Shiseido has again done a beautiful, gold-splashed limited-edition 75mL bottle of Ultimune Power Infusing Concentrate. I wonder if it's refillable? I confess, I haven't checked to see if the top comes off, and the bottle I shot isn't where I am right now. $165 CAD at thebay.com and sephora.com.
Vichy released a dreamy gold-accented limited-edition version of the Mineral 89 bottle as part of a Lunar New Year 2020 kit that includes Pureté Thermal 3-in-1 Micellar Cleanser, Aqualia Thermal Light gel-cream moisturizer and Mineral 89 Eyes. The brand very kindly sent a bottle to me; I picked it up from my lovely Superintendent a day or two ago. It's okay if I keep refilling it every time I purchase a new bottle of Mineral 89, right? (I've bought most of the many bottles I've finished – can't live without it.) $39.95 CAD at londondrugs.com*.
traditions, colour schemes and – rarity tactics?
I had a few questions about Lunar New Year and how the related merchandise is received by celebrants (quite well, I expect, given that there are more and more on offer each year). Is red-and-gold the preferred colour palette, or are other options just as popular? Are items that feature the year's zodiac sign more covetable in general, or only for people born in the year of that sign? And do people who celebrate the lunar new year appreciate the marketing?
While Lunar New Year isn't quite the gift-giving insanity Christmas is, in addition to new clothes, shoes and accessories to herald a start to a prosperous year, people do buy gifts for loved ones. "We could just give lucky money, but that seems so impersonal," says Wendy. "Lucky money is usually given to younger folks by older, married people. I see makeup as friend-to-friend gifts, or something special for a sister. A nice lipstick like the Givenchy, I might give to my mom because of the special packaging."
Red, or red-and-gold isn't necessary, but "Chinese New Year is traditionally associated with red and gold, the way Easter is associated with pastels," Wendy points out. "Shoppers are more likely to pause and appreciate a red-and-gold palette during the celebrations, and it makes gift-giving easier. Items packaged in black and white aren't as desirable because they won't convey the happy feelings you're supposed to enjoy at this time of year."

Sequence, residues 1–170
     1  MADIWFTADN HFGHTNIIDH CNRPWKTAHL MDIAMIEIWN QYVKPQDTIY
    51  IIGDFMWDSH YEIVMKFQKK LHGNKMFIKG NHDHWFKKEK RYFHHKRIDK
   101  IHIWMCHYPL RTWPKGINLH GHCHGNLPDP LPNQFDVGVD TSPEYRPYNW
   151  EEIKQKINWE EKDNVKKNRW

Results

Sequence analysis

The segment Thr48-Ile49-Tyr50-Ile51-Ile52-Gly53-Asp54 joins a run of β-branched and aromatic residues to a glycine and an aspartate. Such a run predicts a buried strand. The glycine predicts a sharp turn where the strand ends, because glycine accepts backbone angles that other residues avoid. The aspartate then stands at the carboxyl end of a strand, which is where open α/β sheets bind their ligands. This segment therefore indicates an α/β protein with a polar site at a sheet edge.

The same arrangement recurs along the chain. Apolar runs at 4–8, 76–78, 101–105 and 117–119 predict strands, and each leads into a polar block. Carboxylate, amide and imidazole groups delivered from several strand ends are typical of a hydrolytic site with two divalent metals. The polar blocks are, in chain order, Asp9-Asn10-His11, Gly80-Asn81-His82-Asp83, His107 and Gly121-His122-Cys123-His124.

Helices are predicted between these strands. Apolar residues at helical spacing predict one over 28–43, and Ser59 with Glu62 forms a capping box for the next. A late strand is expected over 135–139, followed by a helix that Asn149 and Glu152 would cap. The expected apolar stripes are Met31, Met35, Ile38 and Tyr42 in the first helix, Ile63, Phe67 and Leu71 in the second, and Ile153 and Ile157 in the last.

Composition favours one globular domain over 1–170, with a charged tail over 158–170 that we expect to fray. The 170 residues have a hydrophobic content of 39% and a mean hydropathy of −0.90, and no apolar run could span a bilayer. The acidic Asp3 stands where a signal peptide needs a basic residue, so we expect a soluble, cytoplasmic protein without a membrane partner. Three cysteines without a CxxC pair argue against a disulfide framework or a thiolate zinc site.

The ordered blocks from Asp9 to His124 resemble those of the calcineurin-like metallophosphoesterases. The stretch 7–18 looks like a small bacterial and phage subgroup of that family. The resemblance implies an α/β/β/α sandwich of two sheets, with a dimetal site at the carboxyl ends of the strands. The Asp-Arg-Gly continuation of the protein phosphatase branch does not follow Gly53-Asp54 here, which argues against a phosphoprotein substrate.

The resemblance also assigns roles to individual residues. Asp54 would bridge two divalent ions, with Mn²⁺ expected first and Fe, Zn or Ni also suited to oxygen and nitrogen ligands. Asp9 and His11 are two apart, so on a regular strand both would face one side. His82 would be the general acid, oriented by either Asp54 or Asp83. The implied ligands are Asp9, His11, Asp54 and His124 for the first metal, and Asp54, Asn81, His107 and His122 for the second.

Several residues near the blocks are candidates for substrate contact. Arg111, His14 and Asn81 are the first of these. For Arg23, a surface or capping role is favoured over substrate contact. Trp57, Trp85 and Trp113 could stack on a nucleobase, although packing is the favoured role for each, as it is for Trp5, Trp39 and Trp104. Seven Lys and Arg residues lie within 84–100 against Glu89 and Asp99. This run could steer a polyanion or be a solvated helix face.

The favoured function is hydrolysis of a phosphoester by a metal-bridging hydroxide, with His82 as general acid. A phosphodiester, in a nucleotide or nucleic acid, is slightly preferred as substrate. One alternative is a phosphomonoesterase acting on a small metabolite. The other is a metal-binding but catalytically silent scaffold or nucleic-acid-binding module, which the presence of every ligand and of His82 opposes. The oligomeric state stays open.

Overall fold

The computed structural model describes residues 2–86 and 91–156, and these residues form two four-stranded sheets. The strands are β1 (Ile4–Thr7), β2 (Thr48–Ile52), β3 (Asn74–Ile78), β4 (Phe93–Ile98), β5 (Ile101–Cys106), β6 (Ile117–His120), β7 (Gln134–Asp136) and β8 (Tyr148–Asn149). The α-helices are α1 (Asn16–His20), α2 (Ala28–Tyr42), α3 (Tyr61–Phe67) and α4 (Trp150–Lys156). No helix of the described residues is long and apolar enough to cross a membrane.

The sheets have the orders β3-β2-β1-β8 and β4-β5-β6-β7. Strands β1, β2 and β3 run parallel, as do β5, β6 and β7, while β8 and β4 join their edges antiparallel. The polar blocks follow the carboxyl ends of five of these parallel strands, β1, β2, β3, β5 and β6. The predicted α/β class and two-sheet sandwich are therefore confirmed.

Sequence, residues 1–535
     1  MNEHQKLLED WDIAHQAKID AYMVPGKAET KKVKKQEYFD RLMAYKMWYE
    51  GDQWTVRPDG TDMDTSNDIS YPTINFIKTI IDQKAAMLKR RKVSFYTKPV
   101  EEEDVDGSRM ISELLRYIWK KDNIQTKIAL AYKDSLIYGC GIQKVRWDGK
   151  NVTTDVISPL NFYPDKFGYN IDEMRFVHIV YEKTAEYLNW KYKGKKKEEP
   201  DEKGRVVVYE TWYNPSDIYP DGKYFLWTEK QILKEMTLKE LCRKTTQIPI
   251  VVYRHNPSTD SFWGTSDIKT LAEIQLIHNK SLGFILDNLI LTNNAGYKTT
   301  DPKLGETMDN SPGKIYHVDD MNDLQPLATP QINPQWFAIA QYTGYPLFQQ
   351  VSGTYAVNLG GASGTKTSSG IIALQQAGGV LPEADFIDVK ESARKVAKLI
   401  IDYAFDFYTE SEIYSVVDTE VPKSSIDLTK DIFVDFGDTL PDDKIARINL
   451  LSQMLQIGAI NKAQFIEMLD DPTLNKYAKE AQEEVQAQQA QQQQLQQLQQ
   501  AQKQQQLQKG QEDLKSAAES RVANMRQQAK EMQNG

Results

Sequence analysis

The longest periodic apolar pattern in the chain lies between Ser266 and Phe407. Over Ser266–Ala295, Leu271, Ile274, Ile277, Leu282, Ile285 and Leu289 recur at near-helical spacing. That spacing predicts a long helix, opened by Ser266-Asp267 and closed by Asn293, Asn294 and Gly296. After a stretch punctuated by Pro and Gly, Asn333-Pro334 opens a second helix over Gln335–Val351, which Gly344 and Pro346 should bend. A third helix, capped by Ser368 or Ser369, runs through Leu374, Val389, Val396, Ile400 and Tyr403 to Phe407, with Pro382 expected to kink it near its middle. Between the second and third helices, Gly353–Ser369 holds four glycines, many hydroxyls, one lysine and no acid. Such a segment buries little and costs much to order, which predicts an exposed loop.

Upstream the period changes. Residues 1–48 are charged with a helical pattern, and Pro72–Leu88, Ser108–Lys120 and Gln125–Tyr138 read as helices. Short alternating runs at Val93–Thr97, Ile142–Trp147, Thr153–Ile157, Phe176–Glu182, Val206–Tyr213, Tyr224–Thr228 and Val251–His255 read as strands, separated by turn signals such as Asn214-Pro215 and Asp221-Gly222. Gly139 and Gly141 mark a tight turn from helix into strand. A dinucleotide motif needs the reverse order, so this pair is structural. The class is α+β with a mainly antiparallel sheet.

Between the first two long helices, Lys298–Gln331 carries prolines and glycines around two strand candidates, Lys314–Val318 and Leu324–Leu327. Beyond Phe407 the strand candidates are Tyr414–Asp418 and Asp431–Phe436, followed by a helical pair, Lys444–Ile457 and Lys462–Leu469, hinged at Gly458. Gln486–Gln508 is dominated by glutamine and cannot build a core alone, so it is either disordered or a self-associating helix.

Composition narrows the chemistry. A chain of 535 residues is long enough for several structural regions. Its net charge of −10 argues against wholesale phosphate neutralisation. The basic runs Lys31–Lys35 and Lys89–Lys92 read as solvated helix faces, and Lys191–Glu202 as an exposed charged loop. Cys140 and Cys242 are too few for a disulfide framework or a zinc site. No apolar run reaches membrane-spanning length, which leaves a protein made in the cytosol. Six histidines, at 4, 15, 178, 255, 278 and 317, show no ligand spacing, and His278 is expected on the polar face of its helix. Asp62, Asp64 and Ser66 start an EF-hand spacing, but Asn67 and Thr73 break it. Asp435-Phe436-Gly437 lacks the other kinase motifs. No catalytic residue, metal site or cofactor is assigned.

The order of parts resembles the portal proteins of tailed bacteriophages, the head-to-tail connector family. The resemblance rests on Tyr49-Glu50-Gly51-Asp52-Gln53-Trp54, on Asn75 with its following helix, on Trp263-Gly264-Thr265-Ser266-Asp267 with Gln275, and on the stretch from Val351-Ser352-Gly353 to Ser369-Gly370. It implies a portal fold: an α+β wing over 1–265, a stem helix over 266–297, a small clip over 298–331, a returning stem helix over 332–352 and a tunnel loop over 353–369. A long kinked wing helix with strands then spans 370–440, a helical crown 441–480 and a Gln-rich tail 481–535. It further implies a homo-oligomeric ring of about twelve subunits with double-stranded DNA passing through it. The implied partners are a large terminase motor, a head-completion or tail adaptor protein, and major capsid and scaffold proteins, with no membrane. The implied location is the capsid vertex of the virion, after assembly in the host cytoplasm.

Something adorned with the zodiac sign "is a rarity tactic," she says. "Each sign only comes around every 12 years, which appeals to collectors. The zodiac symbols are special for people born under that sign, but if you're a collector, having it on something is a must."
The season has become "a money-making thing for retailers," she acknowledges. "I was at Marshall's and saw a fortune god statue for sale, and pillows with Chinese-lantern prints. I never saw that when I was growing up." (Wendy grew up in Toronto.)
"Other cultures celebrate the lunar new year, too," she notes. "But the market all seems aimed toward the Chinese. Maybe it's because the wealth and population size here make it worthwhile? That said, I love browsing through all the wonderful gifts available. But given that we live in a multicultural society, I'd like to see other cultures celebrated the same way."
over to you
From our chats here, I know the limited-edition packaging appeals to a broader audience than just those who celebrate Chinese New Year traditions. I mean, of course they do. Obviously, they make me look twice, three times and more (in part because I'm half Chinese), and besides, who can resist such pretty things?
Would love your input if you have anything to share!
*londondrugs.com and shoppersdrugmart.com are non-affiliate links